The National Farmers Federation welcomes the conclusion of the Trans-Pacific Partnership which will improve market access for a range of agricultural commodities, including red meat, dairy, fibre and grains.
Reaching agreement between twelve countries was always going to be difficult and represents a huge milestone. The agreement is a generally positive outcome for Australian farmers, which will reduce trade barriers and create new export opportunities for our high-quality food and fibre.
The historic TPP market access outcomes build on existing trade agreements and includes some of the world’s biggest economies (the US, Japan, and Canada). Australian farmers exported around $15 billion of agricultural goods to TPP countries in 2014, representing about one third of total exports of agricultural products, and is set to increase as a result of this agreement.
The TPP will eliminate 98 percent of tariffs on Australian exports to TPP countries and create longer term benefits for Australian farmers beyond those that can be achieved in a bilateral free trade agreement, specifically in the three countries where we did not have agreements in place, namely: Canada, Mexico and Peru. Importantly, the TPP will also provide for the opportunity over time to include other economies in the Asia-Pacific.
Farmers currently face a range of tariff and non-tariff barriers across the region. Reduced tariffs and greater certainty on rules means more market opportunities and more investment and this means more jobs and growth in regional centres.
More specifically, the agreement greatly improves market access and terms of trade for a number of Australian commodities. In the red meat sector, beef tariffs will be further reduced in Japan and Mexico and will result in the elimination of price safeguards in the United States. Tariffs on sheep meat exports to Mexico will be eliminated in eight years and from day one of the agreement coming into effect in all other TPP countries.
In the grains sector, the agreement will result in the creation of new quota volumes for wheat and barley exports to Japan under the simultaneous buy-sell mechanism which were worth approximately $481 million in 2014. It will also provide for new quota access for roasted malt exports, while tariffs on exports of Australian wheat and barley to Mexico will be eliminated.
The TPP will eliminate all remaining tariffs on Australian raw wool and cotton exports to TPP countries from day one of the agreement coming into effect and also deliver improved rules of origin for textiles, which will encourage greater demand for Australian fibre products.
While the TPP should be supported, it is of course regrettable that more leadership was not demonstrated by the likes of the US in sectors such as sugar where the agreement will result in a modest increase in exports of 65,000 tonnes into the US market plus an opportunity to supply a percentage of the projected growth over the next decade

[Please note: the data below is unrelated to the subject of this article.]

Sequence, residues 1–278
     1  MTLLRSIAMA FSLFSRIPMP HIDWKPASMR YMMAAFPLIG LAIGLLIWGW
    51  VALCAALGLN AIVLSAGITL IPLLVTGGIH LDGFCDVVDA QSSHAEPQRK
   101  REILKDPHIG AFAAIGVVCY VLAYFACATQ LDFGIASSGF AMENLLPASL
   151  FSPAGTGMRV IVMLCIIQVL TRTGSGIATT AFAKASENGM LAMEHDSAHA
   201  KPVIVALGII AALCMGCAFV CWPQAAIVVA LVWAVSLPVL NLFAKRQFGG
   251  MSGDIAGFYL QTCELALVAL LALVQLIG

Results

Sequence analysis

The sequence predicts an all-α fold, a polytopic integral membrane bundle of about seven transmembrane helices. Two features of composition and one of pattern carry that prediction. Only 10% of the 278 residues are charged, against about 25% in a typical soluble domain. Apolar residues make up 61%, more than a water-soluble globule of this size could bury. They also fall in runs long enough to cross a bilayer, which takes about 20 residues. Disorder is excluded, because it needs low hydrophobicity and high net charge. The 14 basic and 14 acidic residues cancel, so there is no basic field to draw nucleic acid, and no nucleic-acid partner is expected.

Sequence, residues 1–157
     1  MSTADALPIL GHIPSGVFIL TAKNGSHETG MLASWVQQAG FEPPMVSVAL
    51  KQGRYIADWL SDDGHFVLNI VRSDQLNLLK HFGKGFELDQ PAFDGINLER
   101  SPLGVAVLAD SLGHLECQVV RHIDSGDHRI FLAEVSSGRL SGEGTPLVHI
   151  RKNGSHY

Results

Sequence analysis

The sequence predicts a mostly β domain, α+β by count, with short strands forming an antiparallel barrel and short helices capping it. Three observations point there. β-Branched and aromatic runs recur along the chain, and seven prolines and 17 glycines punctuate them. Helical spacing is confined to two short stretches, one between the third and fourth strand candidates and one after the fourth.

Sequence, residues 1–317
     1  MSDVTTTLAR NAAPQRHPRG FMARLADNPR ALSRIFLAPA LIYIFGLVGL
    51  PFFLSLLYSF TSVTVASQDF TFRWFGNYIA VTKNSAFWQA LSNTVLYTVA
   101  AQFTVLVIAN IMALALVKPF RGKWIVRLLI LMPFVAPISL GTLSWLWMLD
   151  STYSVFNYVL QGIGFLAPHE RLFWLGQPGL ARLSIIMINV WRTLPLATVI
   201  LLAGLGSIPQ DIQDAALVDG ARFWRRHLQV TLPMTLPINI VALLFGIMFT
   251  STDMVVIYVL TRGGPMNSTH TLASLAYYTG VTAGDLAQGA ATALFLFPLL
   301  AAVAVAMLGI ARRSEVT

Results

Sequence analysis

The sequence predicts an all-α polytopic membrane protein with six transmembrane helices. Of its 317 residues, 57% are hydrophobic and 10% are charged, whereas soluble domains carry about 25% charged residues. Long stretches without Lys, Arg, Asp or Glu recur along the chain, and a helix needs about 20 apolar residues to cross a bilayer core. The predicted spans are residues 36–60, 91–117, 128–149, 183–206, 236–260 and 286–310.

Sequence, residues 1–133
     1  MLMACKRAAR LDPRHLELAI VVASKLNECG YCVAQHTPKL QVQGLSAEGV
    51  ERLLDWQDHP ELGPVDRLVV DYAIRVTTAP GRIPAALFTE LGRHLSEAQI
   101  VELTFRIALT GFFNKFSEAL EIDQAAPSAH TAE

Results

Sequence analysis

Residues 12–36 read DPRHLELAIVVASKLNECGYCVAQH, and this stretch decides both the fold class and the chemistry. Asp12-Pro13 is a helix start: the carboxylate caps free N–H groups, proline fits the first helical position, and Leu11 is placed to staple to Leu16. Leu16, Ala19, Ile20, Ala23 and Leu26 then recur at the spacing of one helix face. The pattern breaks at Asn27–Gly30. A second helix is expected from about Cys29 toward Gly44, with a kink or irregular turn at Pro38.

While not reaching the high ambition sought by some sectors, there should be no doubt that Australia needs to be a party to the TPP deal. The nature of agreement means that exclusion from a completed TPP agreement would have delivered significant negative outcomes for Australian agriculture.
Regardless, reaching consensus with twelve other nations is significant and game changing for trade. We would like to thank Minister for Trade and Investment Andrew Robb and officials for an unwavering commitment to finalise a comprehensive and liberalising agreement for the Australian community.
On the whole, there is no doubt this agreement will improve trading conditions for Australian farmers, and must be seen as a baseline template for future plurilateral agreements.
– National Farmers Federation President, Brent Finlay.
US Department of Agriculture
US Agriculture Secretary Tom Vilsack made the following statement following the successful conclusion of negotiations on the Trans-Pacific Partnership:
“An agreement on the Trans-Pacific Partnership (TPP) negotiations provides a more level playing field in trade for American farmers. The agreement would eliminate or significantly reduce tariffs on our products and deter non-science based sanitary and phytosanitary barriers that have put American agriculture at a disadvantage in TPP countries in the past. Despite these past barriers, countries in the Trans-Pacific Partnership currently account for up to 42pc of all US agricultural exports, totaling $63 billion.
Thanks to this agreement and its removal of unfair trade barriers, American agricultural exports to the region will expand even further, particularly exports of meat, poultry, dairy, fruits, vegetables, grains, oilseeds, cotton and processed products.
“Increased demand for American agricultural products and expanded agricultural exports as a result of this agreement will support stronger commodity prices and increase farm income. Increased exports under TPP will create more good paying export-related jobs, further strengthening the rural economy. Today, agricultural trade supports more than 1 million jobs here at home and contributes a trade surplus year after year to our nation’s economy. All of this activity benefits rural communities and keeps American agriculture on the cutting edge of global commerce. The TPP agreement will contribute to the future strength of American agriculture and helps to ensure that the historic agricultural trade gains achieved under President Obama since 2009 will continue.
“Failing to grasp this opportunity would be a mistake: worse than just losing out on potential gains, our producers would fall behind other countries that are negotiating their own preferential arrangements in TPP countries. We are committed to working with Congress within the framework of the recently-passed Trade Promotion Authority to obtain a strong bipartisan understanding of and support for this historic trade deal that benefits farmers, ranchers, and all those who live, work and raise families in rural communities.”